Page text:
On November 10, 2022, the Biden-Harris Administration took historic action to address greenhouse gas emissions and protect the Federal Government's supply chains from climate-related financial risks. In support of President Biden's Executive Orders on Climate-Related Financial Risk and Catalyzing Clean Energy Industries and Jobs Through Federal Sustainability, the Administration proposed the Federal Supplier Climate Risks and Resilience Rule, which would require major Federal contractors to publicly disclose their greenhouse gas emissions and climate-related financial risks and set science-based emissions reduction targets.
As the world's single largest buyer of goods and services—purchasing over $630 billion in the last fiscal year alone—the Federal Government faces significant financial risks from climate change. Supply chain disruptions over the past year have impacted every sector, including the Federal Government and its critical contractors and subcontractors. The new Federal Supplier Climate Risks and Resilience Rule would strengthen the resilience of vulnerable Federal supply chains, resulting in greater efficiencies and reduced climate risk.
Under the proposed Federal Supplier Climate Risks and Resilience Rule, "major" Federal contractors receiving more than $50 million in annual contracts would be required to publicly disclose Scope 1, Scope 2, and relevant categories of Scope 3 emissions, disclose climate-related financial risks, and set science-based emissions reduction targets. Additionally, "significant" Federal contractors with more than $7.5 million in annual contracts but less than $50 million would be required to report Scope 1 and Scope 2 emissions. Federal contractors with less than $7.5 million in annual contracts would be exempt from the Federal Supplier Climate Risks and Resilience Proposed Rule.
|Federal Contractors||Federal Supplier Climate Risks and Resilience Proposed Rule Requirements|
|Segment||Annual Federal Obligations||Scope 1, Scope 2, and relevant categories of Scope 3 emissions in alignment with the GHG Protocol Corporate Standard||Climate Risks assessed in alignment with the recommendations of the Task Force on Climate-Related Financial Disclosures (TCFD)||Emissions reduction target validated by the Science Based Targets Initiative (SBTi)|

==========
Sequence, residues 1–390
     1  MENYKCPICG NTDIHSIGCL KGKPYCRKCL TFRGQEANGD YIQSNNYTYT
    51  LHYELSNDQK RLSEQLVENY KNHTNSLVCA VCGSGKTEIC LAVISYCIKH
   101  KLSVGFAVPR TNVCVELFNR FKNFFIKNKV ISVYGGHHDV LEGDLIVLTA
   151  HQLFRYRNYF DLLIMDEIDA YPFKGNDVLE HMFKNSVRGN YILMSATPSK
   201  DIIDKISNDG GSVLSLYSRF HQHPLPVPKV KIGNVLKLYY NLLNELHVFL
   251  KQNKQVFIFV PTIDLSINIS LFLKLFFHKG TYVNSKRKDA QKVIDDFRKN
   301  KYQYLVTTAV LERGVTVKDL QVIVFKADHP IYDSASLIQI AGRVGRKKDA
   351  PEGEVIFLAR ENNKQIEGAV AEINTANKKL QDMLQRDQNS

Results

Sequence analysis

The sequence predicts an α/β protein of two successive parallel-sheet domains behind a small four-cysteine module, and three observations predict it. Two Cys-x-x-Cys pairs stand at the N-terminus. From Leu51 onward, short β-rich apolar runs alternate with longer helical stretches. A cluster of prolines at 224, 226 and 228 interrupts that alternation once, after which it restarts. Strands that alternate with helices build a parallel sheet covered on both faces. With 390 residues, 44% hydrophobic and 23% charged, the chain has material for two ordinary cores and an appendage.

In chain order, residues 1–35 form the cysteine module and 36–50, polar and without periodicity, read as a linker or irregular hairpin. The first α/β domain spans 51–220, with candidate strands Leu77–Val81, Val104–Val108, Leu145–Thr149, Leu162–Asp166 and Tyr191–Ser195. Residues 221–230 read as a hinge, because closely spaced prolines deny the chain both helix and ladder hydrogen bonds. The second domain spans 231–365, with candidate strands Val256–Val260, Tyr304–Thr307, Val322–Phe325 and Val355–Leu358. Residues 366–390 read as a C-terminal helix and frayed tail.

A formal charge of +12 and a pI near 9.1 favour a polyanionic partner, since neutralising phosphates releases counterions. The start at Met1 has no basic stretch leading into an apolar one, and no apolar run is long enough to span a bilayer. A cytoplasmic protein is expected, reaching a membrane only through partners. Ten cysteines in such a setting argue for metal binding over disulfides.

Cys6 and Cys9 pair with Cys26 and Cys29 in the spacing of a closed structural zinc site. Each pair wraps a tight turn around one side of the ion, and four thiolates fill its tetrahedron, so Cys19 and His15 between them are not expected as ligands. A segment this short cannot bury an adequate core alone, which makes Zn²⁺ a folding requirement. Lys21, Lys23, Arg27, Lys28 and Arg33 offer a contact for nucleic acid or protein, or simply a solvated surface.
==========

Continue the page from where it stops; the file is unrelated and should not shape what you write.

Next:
|Major Contractors||>$50M||Yes (through CDP)||Yes (through CDP)||Yes (through SBTi)|
|Significant Contractors||>$7.5M-$50M||Yes (Scope 1 and Scope 2 only)||No||No|
The 60-day public comment period for this proposed rule has been extended by 30 days to close on February 13, 2023 (FAC/FAR Case/Docket No. 2021-015).
GHG Protocol Corporate Accounting and Reporting Standard: Developed by the World Resources Institute and the World Business Council for Sustainable Development, this is the global standard for calculating corporate GHG emissions. The Standard includes guidance for preparing a GHG emissions inventory for Scope 1, Scope 2, and relevant categories of Scope 3 emissions.
Task Force on Climate-Related Financial Disclosures (TCFD) Recommendations: The TCFD recommendations outline the core elements of climate-related financial disclosures across governance, strategy, risk management, and metrics and targets, as well as guidance on how to implement them.
Science Based Targets How-To Guide: This Science Based Targets Initiative (SBTi) resource provides organizations with an overview for how to set and submit for validation a science-based target to reduce their GHG emissions in line with what the latest climate science deems necessary to meet the goals of the Paris Agreement.
Bite-Sized Guidance for New Disclosers: This CDP (formerly the Carbon Disclosure Project) resource walks organizations through the annual CDP climate change disclosure process, through which companies publicly report their GHG inventory, TCFD-aligned climate risks, and science-based targets.
How CDP is Aligned to the TCFD: This annually-updated CDP resource outlines how to complete a TCFD-aligned disclosure through CDP's annual Climate Change Questionnaire.